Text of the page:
If They Can Do It In Patchogue, Why Not Hempstead Town?
The Incorporated Village of Patchogue, in Suffolk County, Town of Brookhaven, is poised to make a great comeback, its blighted downtown and broken Main Street not the vacant talk of revitaliztion -- so familiar to those of us who hail from Nassau County's forgotten South Shore (read as, the Town of Hempstead) -- but rather, the shovel-into-the-dirt kind of action that has brought the forces of village, county, town and private industry together to rebuild, re-energize, and re-create the suburban vision.
One project alone, in the hands and under the moniker of Downtown Patchogue Redevelopers, is "in the process of developing a mixed-use project which will include 250 rental apartment units, 32,000 sf of ground floor retail, 32,000 sf of second floor office and a 100 room limited service hotel."
Patchogue, no stranger to blight, brownfield, and the dismay of a downtown whose best day was thirty years ago, is fast becoming the little village (population, 11,500) that could. And Brookhaven, long associated with political corruption ("Crookhaven") and governmental malaise, is now taking a strident lead in bringing smart growth initiatives to the streets of its villages and hamlets.
They seem to have lost the fear of building vertically, of increasing density, of actually acquiescing to the will of the people (imagine that), demonstrating that a representative government, obliged to do more than offer broad platitudes and broken promises -- the stuff that the Town of Hempstead's faded "artists renderings" and hapless Urban Renewal Plans are made of --can actually accomplish something for the good of the community, and in this lifetime.
As Patchogue has taken the lead, we say that other municipalities, townships, and the county to the west should pull up their bootstraps, round up the wagons, and follow.
This little village along the shores of the Great South Bay is on the rise once again. [Why, it even has its own blog -- http://positivepatchogue.blogspot.com/.]
And what they're doing -- and, apparently, doing well -- in Patchogue should serve as impetus for others -- especially those who preside ("govern" would be a misnomer) over America's largest township -- to take heed and, yes, take action.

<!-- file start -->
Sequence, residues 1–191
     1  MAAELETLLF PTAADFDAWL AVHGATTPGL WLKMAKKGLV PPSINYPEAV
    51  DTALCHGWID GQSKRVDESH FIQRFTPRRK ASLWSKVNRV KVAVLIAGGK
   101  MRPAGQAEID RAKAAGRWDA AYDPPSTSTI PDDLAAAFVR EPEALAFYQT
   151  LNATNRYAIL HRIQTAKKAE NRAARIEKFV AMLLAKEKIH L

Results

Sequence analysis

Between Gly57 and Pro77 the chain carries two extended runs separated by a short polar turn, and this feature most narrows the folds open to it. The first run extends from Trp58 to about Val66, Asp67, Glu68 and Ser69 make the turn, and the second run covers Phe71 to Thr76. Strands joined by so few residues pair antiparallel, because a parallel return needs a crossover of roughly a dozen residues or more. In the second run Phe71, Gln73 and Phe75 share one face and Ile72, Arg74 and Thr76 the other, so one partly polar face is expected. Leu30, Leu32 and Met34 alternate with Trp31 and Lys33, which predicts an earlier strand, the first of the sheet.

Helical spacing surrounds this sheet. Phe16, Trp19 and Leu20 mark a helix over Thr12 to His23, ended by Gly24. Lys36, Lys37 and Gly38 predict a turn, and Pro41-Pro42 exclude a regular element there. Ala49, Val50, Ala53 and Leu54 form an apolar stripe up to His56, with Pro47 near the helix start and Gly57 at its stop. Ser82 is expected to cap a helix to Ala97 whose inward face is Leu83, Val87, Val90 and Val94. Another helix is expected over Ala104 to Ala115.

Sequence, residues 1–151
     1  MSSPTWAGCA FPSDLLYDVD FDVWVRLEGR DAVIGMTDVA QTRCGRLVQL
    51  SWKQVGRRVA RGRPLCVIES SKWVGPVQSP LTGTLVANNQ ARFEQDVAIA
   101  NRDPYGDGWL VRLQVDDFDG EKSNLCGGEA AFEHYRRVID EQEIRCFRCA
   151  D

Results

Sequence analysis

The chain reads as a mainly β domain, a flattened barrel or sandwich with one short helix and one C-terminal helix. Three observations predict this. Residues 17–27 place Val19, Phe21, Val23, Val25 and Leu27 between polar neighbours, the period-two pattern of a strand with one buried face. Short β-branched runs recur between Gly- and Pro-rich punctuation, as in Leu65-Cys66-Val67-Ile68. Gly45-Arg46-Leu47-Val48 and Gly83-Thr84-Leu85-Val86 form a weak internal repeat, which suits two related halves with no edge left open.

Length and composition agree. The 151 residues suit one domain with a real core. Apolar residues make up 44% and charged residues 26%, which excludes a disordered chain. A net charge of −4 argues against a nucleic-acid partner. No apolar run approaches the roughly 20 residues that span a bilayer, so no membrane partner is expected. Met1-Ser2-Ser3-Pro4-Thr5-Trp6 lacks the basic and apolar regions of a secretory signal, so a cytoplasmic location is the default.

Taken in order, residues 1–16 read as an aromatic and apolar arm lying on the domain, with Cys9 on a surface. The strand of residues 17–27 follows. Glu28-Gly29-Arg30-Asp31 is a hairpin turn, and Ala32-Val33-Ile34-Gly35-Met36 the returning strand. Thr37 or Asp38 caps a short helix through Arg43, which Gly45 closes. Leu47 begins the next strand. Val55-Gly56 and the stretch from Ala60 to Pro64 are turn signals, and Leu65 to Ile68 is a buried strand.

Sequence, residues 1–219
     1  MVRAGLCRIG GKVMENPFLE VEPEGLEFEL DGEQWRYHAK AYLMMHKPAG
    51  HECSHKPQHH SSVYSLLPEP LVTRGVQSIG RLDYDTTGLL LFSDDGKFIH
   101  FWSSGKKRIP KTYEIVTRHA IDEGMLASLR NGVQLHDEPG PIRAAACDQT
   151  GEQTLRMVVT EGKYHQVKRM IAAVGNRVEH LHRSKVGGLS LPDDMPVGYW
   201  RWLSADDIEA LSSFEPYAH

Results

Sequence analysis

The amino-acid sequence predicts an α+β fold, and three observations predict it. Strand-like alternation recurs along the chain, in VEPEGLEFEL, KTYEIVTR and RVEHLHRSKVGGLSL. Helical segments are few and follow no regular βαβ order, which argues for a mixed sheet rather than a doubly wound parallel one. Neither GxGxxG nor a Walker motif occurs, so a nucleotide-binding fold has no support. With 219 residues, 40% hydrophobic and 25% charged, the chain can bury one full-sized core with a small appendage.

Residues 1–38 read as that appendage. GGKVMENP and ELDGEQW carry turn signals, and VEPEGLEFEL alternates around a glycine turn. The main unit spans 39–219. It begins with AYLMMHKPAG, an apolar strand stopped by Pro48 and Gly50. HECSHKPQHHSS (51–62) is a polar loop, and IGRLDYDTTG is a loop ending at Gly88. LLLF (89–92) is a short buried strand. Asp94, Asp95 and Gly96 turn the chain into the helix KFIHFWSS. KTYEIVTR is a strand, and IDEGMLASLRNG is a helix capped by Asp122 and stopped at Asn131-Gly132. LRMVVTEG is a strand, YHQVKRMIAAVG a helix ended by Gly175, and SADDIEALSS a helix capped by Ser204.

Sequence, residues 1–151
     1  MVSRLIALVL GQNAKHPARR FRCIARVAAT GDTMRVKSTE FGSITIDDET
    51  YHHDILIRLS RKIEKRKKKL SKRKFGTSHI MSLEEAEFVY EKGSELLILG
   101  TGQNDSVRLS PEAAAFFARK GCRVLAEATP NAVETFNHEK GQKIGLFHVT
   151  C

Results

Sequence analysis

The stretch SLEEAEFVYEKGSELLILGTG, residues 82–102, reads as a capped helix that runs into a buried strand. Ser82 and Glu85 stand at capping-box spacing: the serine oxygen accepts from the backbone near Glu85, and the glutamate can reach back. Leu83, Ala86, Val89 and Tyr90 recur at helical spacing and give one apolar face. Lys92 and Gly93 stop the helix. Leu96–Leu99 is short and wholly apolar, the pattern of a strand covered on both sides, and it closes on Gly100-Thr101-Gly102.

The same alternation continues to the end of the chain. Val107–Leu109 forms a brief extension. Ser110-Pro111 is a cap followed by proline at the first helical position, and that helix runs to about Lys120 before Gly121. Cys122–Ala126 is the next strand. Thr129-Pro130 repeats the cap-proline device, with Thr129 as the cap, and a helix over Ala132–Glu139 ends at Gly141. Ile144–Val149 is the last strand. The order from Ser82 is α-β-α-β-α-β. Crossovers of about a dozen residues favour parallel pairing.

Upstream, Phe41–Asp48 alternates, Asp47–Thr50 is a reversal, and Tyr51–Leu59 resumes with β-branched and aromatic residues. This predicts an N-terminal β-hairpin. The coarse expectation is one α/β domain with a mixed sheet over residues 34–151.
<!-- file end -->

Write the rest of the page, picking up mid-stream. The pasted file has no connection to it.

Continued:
The road ahead may not always be easy, or, for that matter, smooth, but at least the governed and those who govern have begun the journey. Well, in Patchogue, anyway.
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From the Editorial Page of Newsday:
Solidarity in Patchogue
This unopposed election is a good sign
On the theory that people should have choices at the polls, this page normally frowns on uncontested elections. On Tuesday, however, Patchogue Mayor Paul Pontieri and the three trustees running on his Patchogue First ticket won re-election without opposition, and we're fine with that.
The reason it doesn't rankle is that Pontieri and his village board have been leading the way as a model for the revitalization of Long Island's downtowns, conquering even the suburban fear of taller structures. Their plans for shops, hotel rooms and residences at the village's main corner, anchored by a building as high as nine stories, would provoke outrage in many parts of Long Island. But Pontieri and the board have presented it so surefootedly that objections are scarce.
Patchogue, like all downtowns, has gone through tough times in the era of the suburban mall. Now it's coming back to life. Villagers like that new sense of optimism so much that no opponents surfaced - a first for Patchogue. The mayor says he actually missed the competition. "Elections require you to look at what you did and to answer to the public about what you're going to do," he says. But this year's election shows that the public knows very well what he's going to do - and approves enthusiastically.
The solidarity probably means that, of all the major proposals of regional significance for mixed-use development and downtown revitalization, the rebirth of Patchogue is likely to be the first to cross the finish line.
Copyright © 2008, Newsday Inc.